Could open source help cut the White House's multibillion-dollar software bill? The US government spends about $6bn per year on software licenses and maintenance, according to the Office of Management and Budget. Given the scale of that spending, it's understandable that the US, like other administrations around the world, is considering open-source software and open software standards as a way of saving money. But more than just seeing the move to open source as a cost-effective alternative, public officials worldwide view it as a means of speeding up innovation in the public sector. In October, the Dutch government set into law a proposal that all government bodies should use open document formats starting in 2017.
It was a case of spies watching spies watching spies: Israeli intelligence officers looked on in real time as Russian government hackers searched computers around the world for the code names of American intelligence programs. What gave the Russian hacking, detected more than two years ago, such global reach was its improvised search tool -- antivirus software made by a Russian company, Kaspersky Lab, that is used by 400 million people worldwide, including by officials at some two dozen American government agencies. The Israeli officials who had hacked into Kaspersky's own network alerted the United States to the broad Russian intrusion, which has not been previously reported, leading to a decision just last month to order Kaspersky software removed from government computers. The Russian operation, described by multiple people who have been briefed on the matter, is known to have stolen classified documents from a National Security Agency employee who had improperly stored them on his home computer, on which Kaspersky's antivirus software was installed. What additional American secrets the Russian hackers may have gleaned from multiple agencies, by turning the Kaspersky software into a sort of Google search for sensitive information, is not yet publicly known.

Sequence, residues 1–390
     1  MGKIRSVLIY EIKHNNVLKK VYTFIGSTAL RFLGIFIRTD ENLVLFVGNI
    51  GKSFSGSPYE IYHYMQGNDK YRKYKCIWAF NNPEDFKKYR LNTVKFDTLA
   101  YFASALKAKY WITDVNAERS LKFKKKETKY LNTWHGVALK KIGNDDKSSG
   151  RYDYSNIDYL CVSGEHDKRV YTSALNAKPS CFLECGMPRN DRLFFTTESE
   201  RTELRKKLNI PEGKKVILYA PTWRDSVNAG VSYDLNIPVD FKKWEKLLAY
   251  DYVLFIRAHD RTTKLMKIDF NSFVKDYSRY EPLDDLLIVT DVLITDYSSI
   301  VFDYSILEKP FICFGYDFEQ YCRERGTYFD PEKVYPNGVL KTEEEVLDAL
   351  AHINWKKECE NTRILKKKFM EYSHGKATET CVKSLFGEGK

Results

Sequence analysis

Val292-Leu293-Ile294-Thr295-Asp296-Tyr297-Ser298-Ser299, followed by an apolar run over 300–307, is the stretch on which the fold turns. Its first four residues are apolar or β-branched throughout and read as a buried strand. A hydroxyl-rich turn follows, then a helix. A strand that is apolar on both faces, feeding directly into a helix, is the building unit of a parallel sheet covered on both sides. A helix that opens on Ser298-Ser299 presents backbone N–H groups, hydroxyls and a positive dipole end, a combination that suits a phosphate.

Back in August, the Obama Administration announced a new policy that requires 20 percent of the federal government's software projects be open source. To make all of that material easily accessible, there's now a place for you to view all of the code. Code.gov is the web-based hub for the initiative and it features around 50 projects from 10 different agencies. Those projects include the White House Facebook chat bot, Data.gov and the "We the People" petitions API. The recent policy change was aimed at reducing the cost of custom software purchases by allowing government agencies to share resources.
Bulgaria's parliament has mandated all public sector software must be open source. Members of the open-source community have welcomed new legislation from Bulgaria that says software written for the country's public sector should be open source. They argue that the amendment its parliament passed in early July will trigger better software, lower costs, and greater transparency. Bulgaria could be a testbed for other European countries interested in the idea of going open source, they say; other governments might watch what proves effective in this central-European country and learn from any mistakes. Digital business, open source foundations -- and how confusing tax gets.